Myanmar just had landmark elections which resulted in a landslide victory by the National League for Democracy.
However, the nation still suffers from widespread corruption in government. Corruption in Myanmar is slowly getting better, but there’s still far more to do.
Myanmar is one of Asia’s most notorious countries for cronyism and bureaucracy. Yet this does not mean the end for all business opportunities. Most new investment projects are still done in a “clean” way on both the domestic and international fronts.
But Myanmar is still surrounded by a lot of red tape. One of the industries most affected by corruption and bribery is property development.
Most high-end properties popping up across Yangon this year barely had to wait before starting construction. It’s always been a long road for investors wanting to develop properties without making any “payments” to speed things up.
Avoiding Corruption in Myanmar?
Some of Myanmar’s property developers are nonetheless taking an ethical approach. One example is Serge Pun, one of the richest and cleanest men in Myanmar.
Head of Yoma Strategic Holdings, one of Myanmar’s largest conglomerates, Pun took 30 years of his life to build a reputation as one of the cleanest businessmen in the region. He also has an empire of real estate, cars, aviation, and banks.
Serving as an international go-to person for business in Myanmar, Pun is a beacon for global investors looking to stay clear of complex bureaucracy. Yoma Strategic Holdings was the firm responsible for bringing KFC to Myanmar through a strategic partnership with Yum Brands.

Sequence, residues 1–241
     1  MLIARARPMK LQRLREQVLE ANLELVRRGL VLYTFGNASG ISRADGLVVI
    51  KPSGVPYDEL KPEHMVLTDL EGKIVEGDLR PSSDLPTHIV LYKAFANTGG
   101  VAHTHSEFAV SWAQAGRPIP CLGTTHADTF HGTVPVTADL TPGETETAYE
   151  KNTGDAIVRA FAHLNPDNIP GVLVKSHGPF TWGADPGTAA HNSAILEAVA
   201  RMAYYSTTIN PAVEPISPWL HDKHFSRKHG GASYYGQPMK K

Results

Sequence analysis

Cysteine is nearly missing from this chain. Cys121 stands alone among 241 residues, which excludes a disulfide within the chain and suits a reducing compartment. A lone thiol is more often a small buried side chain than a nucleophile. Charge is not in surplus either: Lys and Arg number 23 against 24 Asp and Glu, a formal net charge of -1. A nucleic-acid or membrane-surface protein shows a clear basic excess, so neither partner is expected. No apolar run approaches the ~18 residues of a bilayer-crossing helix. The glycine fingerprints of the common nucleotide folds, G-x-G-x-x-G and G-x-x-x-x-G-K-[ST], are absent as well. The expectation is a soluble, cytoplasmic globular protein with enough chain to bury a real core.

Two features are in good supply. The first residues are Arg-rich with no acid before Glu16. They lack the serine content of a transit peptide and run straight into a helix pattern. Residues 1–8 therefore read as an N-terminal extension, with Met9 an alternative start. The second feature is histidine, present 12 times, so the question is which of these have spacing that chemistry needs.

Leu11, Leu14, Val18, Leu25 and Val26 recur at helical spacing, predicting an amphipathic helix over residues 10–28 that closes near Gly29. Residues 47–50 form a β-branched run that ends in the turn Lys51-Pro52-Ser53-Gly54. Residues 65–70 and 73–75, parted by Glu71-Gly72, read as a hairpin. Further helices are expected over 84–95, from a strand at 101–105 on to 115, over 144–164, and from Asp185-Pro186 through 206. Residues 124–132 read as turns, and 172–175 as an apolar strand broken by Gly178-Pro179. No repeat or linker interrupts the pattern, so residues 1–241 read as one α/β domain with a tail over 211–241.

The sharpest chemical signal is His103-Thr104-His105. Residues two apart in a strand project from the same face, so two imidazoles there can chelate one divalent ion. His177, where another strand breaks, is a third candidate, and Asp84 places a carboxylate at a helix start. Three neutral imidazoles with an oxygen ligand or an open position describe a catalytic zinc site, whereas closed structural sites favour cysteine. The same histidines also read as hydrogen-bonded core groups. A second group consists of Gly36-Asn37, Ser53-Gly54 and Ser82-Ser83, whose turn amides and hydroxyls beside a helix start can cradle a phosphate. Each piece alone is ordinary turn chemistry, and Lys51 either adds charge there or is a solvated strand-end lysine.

It’s been less than a year since the first KFC opened in downtown Yangon, but Pun revealed his team is already scouting the best site for its 250th store.
Honesty Doesn’t Always Prevail in Frontier Markets
With all that said, it’s not always smooth sailing even for one of the richest men in Myanmar. Pun’s signature real estate project is plagued with delays and restrictions due to the bureaucratic system in place.
His massive five hundred million dollar development in central Yangon, the aptly named “Landmark”, hasn’t seen much progress since it was announced four years ago.
Landmark will consist of two office towers, a 5-star hotel, and an executive tower. The project will indeed break a milestone in the history of Myanmar’s real estate sector when finished.
The vision of one of Myanmar’s richest men, Landmark has large international groups behind it. They’re backed by the International Finance Corporation, the Asian Development Bank, and Mitsubishi Corporation. Cash isn’t the issue – it’s bureaucracy.
A government official commented that slow progress was due to careful refurbishment of the antique building “without affecting heritage values.”
Despite giving an impression of progress, Myanmar still has a long way to go. Even projects financed by major international firms and one of the richest men in Myanmar still must navigate through red tape.
Those wanting to diversify into frontier market investments should probably look at places like Vietnam and Cambodia instead.
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